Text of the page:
“My pictures have seen the world; printed in National Geographic, they get around. Dentist offices everywhere, barbershops in Bhutan. You know.
But for all their connections with the real world, photographs too often lead disconnected lives. It is as if, after their moment of creation, they go off to live in a foreign country. They talk to the wider world, spread instantly across the planet, but with the folks back home, where they were born, not so much. Sometimes they act like children estranged from their parents, all links severed with the real world where they were born.”
Jim Richardson in A Long Love Affair With the Scottish Isles, in Pictures
This is not my hope. Rather, as Jim Richardson goes on to say in his essay, I want my photos to have a life. Too often people live in a place that they don’t really see or they visit a landscape that is unfamiliar and see only what they came to see – the interstate, a specific trail, or paddle route. I want my photographs to convey the intrinsic value of these landscapes and the beauty that may not be readily apparent. I want the connections between people and wild places to be always fresh and strong with the hope that more every day life decisions are informed by the need for wilderness. No estranged children here, please.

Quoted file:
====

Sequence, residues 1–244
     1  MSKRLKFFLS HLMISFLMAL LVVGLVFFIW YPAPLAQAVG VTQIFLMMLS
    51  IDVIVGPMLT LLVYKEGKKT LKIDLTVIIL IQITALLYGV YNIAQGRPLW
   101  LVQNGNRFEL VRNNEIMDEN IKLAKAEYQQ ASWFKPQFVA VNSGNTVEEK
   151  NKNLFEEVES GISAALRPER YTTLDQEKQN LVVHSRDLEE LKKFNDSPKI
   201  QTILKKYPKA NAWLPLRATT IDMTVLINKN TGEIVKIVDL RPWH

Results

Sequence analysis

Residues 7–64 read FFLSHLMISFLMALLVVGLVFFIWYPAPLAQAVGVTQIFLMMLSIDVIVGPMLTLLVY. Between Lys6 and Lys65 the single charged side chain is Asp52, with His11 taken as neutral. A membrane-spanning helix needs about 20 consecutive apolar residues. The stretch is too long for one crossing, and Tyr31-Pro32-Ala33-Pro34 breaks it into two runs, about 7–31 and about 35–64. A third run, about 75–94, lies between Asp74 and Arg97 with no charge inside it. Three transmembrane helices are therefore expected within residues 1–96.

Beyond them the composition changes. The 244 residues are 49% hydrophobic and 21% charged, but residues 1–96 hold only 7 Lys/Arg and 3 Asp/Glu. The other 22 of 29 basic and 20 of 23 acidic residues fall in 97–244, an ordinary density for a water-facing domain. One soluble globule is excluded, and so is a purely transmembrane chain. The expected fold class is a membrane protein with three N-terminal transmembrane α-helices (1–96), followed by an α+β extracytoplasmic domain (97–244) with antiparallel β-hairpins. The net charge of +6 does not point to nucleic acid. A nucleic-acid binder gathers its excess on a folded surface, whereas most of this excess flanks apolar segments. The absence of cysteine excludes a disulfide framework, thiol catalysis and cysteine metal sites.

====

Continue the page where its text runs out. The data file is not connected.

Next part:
See Jim Richardson’s essay here: http://proof.nationalgeographic.com/2016/04/05/a-long-love-affair-with-the-scottish-isles-in-pictures/?utm_source=NatGeocom&utm_medium=Email&utm_content=pom_20160410&utm_campaign=Content&utm_rd=15302027